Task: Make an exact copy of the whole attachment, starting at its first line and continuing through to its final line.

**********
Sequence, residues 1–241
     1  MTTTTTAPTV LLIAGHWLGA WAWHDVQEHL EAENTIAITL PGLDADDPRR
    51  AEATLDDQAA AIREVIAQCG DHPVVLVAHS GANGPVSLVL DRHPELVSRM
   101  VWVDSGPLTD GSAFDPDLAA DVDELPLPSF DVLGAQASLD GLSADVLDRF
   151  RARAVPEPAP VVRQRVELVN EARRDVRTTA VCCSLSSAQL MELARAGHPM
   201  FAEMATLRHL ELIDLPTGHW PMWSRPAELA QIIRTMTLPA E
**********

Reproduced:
Sequence, residues 1–241
     1  MTTTTTAPTV LLIAGHWLGA WAWHDVQEHL EAENTIAITL PGLDADDPRR
    51  AEATLDDQAA AIREVIAQCG DHPVVLVAHS GANGPVSLVL DRHPELVSRM
   101  VWVDSGPLTD GSAFDPDLAA DVDELPLPSF DVLGAQASLD GLSADVLDRF
   151  RARAVPEPAP VVRQRVELVN EARRDVRTTA VCCSLSSAQL MELARAGHPM
   201  FAEMATLRHL ELIDLPTGHW PMWSRPAELA QIIRTMTLPA E